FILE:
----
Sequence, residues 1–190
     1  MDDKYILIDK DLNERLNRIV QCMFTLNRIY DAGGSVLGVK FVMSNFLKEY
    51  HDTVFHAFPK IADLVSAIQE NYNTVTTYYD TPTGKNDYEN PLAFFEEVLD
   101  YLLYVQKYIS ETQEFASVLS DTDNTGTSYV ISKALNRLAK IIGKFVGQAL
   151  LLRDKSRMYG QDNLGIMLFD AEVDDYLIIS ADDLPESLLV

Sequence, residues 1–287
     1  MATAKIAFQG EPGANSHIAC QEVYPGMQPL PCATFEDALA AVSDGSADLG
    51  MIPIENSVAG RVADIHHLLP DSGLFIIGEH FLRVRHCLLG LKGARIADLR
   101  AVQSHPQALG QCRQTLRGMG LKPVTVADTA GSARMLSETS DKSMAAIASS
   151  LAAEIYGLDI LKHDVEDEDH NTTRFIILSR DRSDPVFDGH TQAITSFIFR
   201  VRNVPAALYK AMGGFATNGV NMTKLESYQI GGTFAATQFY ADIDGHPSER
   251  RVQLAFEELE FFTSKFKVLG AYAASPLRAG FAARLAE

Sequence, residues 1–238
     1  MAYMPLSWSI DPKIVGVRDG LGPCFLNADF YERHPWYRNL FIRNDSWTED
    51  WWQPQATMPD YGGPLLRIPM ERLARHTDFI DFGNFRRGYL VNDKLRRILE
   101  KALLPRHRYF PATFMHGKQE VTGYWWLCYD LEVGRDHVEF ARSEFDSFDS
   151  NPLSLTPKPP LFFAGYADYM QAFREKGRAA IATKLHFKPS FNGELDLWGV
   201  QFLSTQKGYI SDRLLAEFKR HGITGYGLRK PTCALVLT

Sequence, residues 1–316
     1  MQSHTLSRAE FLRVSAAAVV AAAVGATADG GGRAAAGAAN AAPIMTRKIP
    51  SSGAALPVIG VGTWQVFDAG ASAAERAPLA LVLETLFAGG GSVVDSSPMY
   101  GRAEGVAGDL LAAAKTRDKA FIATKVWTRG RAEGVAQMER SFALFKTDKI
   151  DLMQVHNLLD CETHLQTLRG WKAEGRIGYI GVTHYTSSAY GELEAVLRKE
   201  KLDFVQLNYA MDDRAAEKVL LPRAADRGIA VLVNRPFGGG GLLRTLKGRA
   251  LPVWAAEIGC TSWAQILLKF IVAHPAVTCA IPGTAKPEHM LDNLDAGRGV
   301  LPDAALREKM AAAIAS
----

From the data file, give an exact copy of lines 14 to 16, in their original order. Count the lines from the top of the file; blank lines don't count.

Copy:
     1  MAYMPLSWSI DPKIVGVRDG LGPCFLNADF YERHPWYRNL FIRNDSWTED
    51  WWQPQATMPD YGGPLLRIPM ERLARHTDFI DFGNFRRGYL VNDKLRRILE
   101  KALLPRHRYF PATFMHGKQE VTGYWWLCYD LEVGRDHVEF ARSEFDSFDS